Don’t Write the Comments?

We had a month of especially active blogging in January and early February this year here at ACRLog. In addition to the regularly scheduled posts from Erin and Lindsay in our First Year Academic Librarian Experience series, there were also great posts about the upcoming Symposium on LIS Education from Sarah, and on better communicating our ideas to different audiences from Jennifer.

But what really pushed us over the top last month was a group of guest posts about the new ACRL Framework for Information Literacy in Higher Education. First we featured the open letter from a group of New Jersey information literacy librarians sharing their concerns about the new Framework replacing the old Standards. Several responses followed: Ian Beilin and Nancy Foasberg wrote in support of the Framework, then by Jacob Berg responded to both the open letter and Beilin and Foasberg’s response. Donna Witek contributed a post on the Framework and assessment, and Lori Townsend, Silvia Lu, Amy Hofer, and Korey Brunetti closed out the month with their post expanding on threshold concepts.

Since the Framework was scheduled to be discussed and voted on at Midwinter at the end of January, the timing of this flurry of posts isn’t surprising. These Framework (and related) posts tackled big topics and issues, issues that academic and other librarians have been discussing in many venues. So I have to admit that I was surprised to see that there was practically no discussion of these posts here on ACRLog. One person left a comment on the threshold concepts post sharing a citation, and there were a couple of pingbacks from other blogs around the web linking to these posts.

The absence of discussion here on ACRLog seems even more remarkable given the presence of discussion in other venues. I’m active on Twitter and there have been many, many discussions about the IL Framework as a replacement for (or supplement to) the Standards for months now. Whenever a post is published on ACRLog it’s tweeted out automatically, and these Framework posts sparked many a 140 character response. I’m not on any listservs right now (I know, I know, somewhat scandalous for a librarian), and I’m also not on Facebook, but from what I gather there was discussion of these posts on various listservs and FB too.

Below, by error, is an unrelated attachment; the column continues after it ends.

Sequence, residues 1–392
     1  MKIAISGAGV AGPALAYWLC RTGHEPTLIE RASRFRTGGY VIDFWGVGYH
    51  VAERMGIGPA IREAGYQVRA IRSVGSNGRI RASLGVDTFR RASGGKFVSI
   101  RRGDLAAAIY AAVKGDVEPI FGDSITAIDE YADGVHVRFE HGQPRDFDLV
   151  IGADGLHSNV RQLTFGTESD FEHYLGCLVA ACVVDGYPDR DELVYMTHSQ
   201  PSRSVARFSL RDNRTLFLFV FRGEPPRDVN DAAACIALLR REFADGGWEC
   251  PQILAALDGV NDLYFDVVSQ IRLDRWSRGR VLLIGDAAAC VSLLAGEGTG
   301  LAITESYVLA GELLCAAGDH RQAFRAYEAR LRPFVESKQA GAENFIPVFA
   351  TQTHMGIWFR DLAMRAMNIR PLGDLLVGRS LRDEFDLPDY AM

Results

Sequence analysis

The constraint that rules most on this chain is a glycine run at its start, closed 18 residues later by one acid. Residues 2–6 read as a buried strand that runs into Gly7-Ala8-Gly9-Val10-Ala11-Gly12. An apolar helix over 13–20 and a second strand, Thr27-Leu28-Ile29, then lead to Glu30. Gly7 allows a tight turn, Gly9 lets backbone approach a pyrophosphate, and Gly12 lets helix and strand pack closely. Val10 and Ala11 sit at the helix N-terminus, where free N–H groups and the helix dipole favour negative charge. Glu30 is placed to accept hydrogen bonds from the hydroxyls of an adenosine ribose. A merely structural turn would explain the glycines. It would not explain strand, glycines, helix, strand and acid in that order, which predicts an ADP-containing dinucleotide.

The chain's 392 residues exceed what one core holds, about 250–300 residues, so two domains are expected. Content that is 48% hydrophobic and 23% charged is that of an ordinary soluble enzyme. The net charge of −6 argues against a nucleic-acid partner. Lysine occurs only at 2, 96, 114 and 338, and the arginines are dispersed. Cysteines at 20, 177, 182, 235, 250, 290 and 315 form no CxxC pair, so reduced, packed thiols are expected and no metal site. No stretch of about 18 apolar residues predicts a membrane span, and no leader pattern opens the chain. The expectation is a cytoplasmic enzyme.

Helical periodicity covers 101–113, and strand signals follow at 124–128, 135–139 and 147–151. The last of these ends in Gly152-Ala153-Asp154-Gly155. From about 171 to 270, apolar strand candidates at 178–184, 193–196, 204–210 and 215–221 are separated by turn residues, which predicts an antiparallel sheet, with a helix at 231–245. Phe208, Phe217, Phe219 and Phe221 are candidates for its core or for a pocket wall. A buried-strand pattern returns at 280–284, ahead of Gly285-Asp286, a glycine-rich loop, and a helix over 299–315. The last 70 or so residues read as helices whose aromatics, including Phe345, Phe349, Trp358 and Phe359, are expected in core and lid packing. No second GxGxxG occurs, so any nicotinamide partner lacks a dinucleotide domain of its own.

Even in our post-Andrew Sullivan era, I still read plenty of real live, not-dead-yet blogs — indeed, trying to keep up with my RSS reader is sometimes a challenge. But it’s been interesting to see the comments, the conversations, move elsewhere on the internet lately. Not that our ACRLog comments have been totally silent, but more often than not I login to find that the comment approval page is pretty quiet. This is despite some of the obvious advantages to blog comments over other options (though as anyone who’s ever encountered a troll can attest, there are disadvantages too). While Twitter can offer the opportunity to immediately engage with folks over a topic or issue — and there are many, many librarians on Twitter — the 140 character limit for tweets can often feel constraining when the topic or issue is large or complex. Listservs allow for longer-form responses, but of course are limited to those who subscribe to them; as a walled-garden, Facebook also suffers from audience exclusivity.